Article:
Finally, with the repeal of s377A, we seek the Government’s assurance that the religious freedom of churches will be protected as we continue to teach against same-sex sexual acts and highlight such acts, along with other sexual acts like adultery, fornication, or premarital sex, as sins that go against the clear teaching of the Bible.
Pastors, Christian teachers and workers who uphold the clear teaching of Scripture on this matter should be protected from charges of “hate speech” and the like.
To that end, we urge the Government to (1) limit hate speech laws to incitement to use of force or violence, and (2) defend a robust interpretation of religious freedom under the provision of the Constitution (Article 15(1)). Pastors and counselors offering a distinctively Christian approach in their counseling should also be protected and free to choose from a variety of counseling or therapy strategies, and not be compelled to adopt solely “LGBTQ+-affirmingonly” strategies.
Lastly, we are concerned that with the repeal of s377A, there will be an intensification of the celebration of LGBTQ+ culture especially in companies or corporations that support LGBTQ+ activism. Christian individuals in such situations will face an even greater amount of pressure (as compared to the situation where s377A is retained) to support or participate in the LGBTQ+ activism, or risk facing “reverse discrimination”.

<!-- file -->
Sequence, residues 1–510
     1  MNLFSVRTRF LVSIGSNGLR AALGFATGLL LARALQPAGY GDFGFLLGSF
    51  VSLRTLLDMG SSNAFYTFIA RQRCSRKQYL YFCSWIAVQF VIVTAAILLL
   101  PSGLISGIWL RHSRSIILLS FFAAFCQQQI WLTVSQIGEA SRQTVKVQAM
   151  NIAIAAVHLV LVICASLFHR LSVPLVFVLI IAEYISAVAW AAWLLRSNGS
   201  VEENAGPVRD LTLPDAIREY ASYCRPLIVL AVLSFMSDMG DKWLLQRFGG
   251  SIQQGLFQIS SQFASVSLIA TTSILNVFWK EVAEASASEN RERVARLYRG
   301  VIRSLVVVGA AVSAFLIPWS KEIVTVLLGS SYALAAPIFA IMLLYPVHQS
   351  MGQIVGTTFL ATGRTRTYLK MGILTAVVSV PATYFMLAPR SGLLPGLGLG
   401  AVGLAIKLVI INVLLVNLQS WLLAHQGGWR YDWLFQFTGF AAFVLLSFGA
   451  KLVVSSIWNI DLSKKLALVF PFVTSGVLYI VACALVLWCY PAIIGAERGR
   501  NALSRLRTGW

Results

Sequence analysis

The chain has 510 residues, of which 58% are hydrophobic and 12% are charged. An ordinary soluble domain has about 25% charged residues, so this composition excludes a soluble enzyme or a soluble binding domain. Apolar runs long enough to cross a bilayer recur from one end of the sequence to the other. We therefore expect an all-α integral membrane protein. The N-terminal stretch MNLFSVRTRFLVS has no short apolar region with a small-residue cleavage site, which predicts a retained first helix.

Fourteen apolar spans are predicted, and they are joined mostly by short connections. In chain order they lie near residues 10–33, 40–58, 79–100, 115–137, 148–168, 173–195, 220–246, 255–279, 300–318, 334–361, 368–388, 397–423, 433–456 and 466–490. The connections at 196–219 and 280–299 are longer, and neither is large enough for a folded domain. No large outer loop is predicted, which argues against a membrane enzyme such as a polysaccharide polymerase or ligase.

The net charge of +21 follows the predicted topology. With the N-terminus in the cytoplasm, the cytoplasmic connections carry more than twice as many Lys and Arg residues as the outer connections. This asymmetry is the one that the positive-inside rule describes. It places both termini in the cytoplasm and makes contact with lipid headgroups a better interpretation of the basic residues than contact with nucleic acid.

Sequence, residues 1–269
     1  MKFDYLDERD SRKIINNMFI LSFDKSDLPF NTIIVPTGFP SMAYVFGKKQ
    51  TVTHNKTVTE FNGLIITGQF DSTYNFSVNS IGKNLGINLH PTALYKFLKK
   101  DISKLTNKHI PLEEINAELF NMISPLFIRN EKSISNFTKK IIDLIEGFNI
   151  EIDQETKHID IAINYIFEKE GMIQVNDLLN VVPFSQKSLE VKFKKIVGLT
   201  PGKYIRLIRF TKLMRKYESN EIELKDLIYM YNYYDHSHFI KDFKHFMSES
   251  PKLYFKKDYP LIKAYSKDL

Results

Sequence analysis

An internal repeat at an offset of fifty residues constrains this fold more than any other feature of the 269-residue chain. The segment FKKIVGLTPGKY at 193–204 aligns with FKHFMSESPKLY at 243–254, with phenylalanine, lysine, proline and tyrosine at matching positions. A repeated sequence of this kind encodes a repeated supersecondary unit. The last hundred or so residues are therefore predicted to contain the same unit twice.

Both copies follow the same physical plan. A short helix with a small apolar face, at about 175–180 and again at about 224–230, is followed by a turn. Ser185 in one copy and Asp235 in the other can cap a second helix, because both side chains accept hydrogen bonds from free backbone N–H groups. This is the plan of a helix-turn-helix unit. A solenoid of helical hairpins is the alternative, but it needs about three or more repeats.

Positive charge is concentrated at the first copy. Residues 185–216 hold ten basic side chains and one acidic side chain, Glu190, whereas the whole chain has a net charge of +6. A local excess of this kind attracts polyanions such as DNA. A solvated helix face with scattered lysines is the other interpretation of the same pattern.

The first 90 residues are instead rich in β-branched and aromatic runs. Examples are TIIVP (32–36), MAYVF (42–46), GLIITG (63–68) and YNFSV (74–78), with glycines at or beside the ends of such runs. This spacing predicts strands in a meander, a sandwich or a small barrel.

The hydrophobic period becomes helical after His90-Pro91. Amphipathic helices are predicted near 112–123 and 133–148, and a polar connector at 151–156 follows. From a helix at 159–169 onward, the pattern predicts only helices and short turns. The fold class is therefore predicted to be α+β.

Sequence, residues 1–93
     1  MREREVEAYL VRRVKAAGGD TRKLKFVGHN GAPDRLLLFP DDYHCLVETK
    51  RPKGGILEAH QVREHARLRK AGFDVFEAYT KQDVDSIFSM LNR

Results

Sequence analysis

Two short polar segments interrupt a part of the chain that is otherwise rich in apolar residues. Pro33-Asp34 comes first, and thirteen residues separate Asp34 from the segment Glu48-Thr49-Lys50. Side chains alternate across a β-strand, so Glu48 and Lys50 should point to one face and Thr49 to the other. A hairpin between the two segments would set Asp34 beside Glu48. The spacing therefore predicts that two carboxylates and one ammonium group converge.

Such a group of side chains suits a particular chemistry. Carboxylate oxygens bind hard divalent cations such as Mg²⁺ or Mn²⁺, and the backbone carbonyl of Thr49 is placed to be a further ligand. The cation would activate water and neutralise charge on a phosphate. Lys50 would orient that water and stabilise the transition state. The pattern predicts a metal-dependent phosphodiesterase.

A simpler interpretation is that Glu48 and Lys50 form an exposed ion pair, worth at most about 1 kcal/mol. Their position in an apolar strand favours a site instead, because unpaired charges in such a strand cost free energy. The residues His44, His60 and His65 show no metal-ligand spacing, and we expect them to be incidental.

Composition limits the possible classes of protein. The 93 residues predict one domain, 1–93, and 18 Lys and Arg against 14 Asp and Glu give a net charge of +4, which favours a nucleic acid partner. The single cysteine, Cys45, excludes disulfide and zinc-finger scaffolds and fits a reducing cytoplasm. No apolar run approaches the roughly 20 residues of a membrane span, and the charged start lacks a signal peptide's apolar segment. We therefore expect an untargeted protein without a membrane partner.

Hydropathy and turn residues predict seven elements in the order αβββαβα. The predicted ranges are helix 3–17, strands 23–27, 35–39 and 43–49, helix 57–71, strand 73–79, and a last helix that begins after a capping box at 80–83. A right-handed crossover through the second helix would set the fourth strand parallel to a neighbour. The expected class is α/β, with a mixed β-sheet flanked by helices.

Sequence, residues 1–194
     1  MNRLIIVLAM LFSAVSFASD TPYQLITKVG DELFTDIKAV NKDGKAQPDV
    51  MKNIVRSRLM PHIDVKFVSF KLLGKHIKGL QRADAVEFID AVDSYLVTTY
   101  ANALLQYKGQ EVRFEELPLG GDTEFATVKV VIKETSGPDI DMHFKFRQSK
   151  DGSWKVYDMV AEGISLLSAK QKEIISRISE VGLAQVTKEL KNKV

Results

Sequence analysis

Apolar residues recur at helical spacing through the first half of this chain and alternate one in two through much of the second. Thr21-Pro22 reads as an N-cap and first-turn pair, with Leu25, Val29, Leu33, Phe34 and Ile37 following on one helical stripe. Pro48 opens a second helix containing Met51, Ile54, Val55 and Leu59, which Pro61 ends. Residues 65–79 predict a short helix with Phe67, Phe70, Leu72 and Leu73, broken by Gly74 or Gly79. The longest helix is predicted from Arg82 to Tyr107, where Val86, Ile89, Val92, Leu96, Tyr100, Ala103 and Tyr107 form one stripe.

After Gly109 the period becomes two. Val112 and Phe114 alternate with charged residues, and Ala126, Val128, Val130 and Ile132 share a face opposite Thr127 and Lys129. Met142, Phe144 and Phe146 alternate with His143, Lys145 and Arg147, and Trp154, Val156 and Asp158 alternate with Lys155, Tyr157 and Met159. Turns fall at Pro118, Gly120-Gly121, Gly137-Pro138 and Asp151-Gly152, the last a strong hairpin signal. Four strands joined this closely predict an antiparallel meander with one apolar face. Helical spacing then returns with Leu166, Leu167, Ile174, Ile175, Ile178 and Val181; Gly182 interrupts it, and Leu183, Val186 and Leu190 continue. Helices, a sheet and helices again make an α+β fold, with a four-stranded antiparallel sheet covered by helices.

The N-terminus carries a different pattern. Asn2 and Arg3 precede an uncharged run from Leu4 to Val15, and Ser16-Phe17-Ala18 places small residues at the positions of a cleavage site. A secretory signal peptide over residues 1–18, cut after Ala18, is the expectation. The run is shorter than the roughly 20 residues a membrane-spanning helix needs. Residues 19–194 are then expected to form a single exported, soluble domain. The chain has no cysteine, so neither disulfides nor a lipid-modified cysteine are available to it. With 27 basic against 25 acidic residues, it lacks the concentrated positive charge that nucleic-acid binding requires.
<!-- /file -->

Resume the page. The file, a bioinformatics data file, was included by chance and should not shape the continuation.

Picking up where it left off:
Therefore, even as the Government is working toward enshrining in law the Tripartite Guidelines on Fair Employment Practices, we urge the Government to make provisions to allow individuals to report cases of “reverse discrimination” in relation to not supporting LGBTQ+ activism that they might have observed or experienced at the workplace.
In conclusion, we recognise that public views on sexuality matters remain contentious and highly sensitive, and they have a potential to divide society. In order that we remain as one people, we call on the church to maintain the social cohesion that we have enjoyed in Singapore throughout the decades, even as our views on this issue may differ.
Most of all, we call on all our pastors, Christian teachers and workers to uphold the clear truth of Scripture on this matter, but yet to articulate and minister this truth with love and compassion, as our Lord himself did.
May we, as God’s church, the body of Christ, affirm the dignity of every human person created in his image. May we be that refuge, journeying alongside those who experience same-sex attraction and who desire to live in obedience to God, which includes conforming ourselves to his good word on sexuality.